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Volunteers in Coventry are making an extraordinary effort, in exceptional circumstances, to support hundreds of residents in Coventry who are most in need.
Operation Shield was set up nationally at the end of March to support people who are under strict instruction to stay at home by the NHS because they are seriously ill, living with a disability or have ongoing medical conditions – to protect them from the Coronavirus.
In the city over the past few weeks more than 6,000 Coventry people have been contacted.
In that time 1,189 people have been sent food parcels, while medicines have also been delivered.
The project is being run as part of a joint effort by the Council’s adult services, Libraries services, transportation services and volunteers from CV Life, Culture Coventry Trust and Coventry City of Culture Trust.
Mal Mutton, Cabinet Member for Adult Services, said: “The effort by volunteers has been unbelievable. This has been a massive humanitarian effort - volunteers have been contacting dozens of people every day. The scheme has helped hundreds of people who are medically vulnerable and who have to stay at home – and not go out at all.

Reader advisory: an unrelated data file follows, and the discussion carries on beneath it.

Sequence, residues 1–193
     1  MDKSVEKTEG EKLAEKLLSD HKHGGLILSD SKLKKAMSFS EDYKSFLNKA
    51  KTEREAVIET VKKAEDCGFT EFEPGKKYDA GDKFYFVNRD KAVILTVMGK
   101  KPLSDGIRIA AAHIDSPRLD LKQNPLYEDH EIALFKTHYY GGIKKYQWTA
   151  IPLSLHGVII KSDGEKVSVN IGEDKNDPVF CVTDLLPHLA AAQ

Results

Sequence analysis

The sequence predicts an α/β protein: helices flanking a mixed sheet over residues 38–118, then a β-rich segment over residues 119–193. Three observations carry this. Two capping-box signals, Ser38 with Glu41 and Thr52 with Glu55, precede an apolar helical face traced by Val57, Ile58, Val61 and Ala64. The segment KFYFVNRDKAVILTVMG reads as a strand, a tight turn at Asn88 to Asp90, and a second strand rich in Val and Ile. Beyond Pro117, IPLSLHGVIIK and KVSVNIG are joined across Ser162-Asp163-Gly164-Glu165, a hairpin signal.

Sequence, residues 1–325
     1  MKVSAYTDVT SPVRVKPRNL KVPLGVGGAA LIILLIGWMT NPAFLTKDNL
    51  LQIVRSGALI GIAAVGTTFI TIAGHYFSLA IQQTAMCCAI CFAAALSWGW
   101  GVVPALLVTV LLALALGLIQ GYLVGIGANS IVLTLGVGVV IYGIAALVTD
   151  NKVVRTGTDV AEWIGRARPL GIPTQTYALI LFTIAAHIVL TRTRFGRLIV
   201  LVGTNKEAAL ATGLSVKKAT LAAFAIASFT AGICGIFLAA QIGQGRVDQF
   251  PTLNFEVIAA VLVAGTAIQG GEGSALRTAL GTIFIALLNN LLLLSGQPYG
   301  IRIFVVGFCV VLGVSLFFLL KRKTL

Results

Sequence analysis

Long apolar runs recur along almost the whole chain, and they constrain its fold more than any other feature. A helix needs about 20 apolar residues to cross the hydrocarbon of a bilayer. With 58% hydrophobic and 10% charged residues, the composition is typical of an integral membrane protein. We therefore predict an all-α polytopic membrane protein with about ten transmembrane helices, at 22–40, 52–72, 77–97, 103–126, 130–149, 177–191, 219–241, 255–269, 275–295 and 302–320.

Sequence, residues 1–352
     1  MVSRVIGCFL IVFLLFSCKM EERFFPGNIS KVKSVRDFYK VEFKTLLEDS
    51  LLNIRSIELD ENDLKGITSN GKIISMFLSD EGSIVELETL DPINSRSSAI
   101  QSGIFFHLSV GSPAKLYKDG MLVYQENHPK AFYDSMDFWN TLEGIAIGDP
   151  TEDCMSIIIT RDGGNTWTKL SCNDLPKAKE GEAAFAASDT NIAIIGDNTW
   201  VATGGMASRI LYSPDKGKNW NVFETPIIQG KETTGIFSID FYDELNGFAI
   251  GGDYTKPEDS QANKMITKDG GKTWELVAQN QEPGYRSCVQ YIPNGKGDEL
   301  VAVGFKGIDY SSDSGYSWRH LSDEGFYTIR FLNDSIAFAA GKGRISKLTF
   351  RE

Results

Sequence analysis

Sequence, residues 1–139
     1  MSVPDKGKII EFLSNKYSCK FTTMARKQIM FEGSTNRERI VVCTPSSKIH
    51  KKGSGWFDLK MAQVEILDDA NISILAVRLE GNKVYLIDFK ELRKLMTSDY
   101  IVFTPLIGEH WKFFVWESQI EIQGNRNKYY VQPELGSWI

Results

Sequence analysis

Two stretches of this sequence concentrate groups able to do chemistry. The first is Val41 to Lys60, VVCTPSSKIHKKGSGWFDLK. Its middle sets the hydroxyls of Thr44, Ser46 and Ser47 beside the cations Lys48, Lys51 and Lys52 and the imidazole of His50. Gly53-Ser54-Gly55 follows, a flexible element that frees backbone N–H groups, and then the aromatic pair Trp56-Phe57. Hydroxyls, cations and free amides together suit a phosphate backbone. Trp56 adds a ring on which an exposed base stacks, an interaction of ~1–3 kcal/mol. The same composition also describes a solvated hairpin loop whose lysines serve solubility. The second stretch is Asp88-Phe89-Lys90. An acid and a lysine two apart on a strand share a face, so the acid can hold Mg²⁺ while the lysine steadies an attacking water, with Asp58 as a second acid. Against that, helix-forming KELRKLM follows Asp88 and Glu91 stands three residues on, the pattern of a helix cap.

“I have heard many amazing examples of the work by volunteers and the responses from people who have been supported by the scheme.
“I’m really grateful to everyone involved.”
Over the last few weeks Cllr O’Boyle and other volunteers have been calling hundreds of Coventry residents who have been identified by the Government as vulnerable.
Cllr Jim O’Boyle cabinet member for jobs and regeneration said, “If you are an elderly person or someone with an underlying health condition, self-isolation can be a particularly challenging and lonely time for you. That’s why I am so pleased to be a part of a fantastic team of volunteers who were able to start the process of getting our most vulnerable residents the support they need.
“Over the last few weeks, I’ve seen people from across Coventry roll up their sleeves and get stuck in. I thought it was only right, I do the same.
“There is a long history in this city, of residents coming together and supporting each other during difficult times. Being born and raised in Coventry myself, I’m really proud but not surprised at the wonderful ways local people are pulling together and playing their part in fighting this virus.”
Paul Breed CEO of CVLife (the organisation which usually runs major leisure, sports and health facilities including the Wave in Coventry) said that it is an incredible effort by everyone involved.
He added: “We have dozens of volunteers who are contacting many people who are isolating to protect themselves from the dangerous impact this virus could have on them. Every call matters and there has been such a positive reaction from residents who are just grateful that people want to help.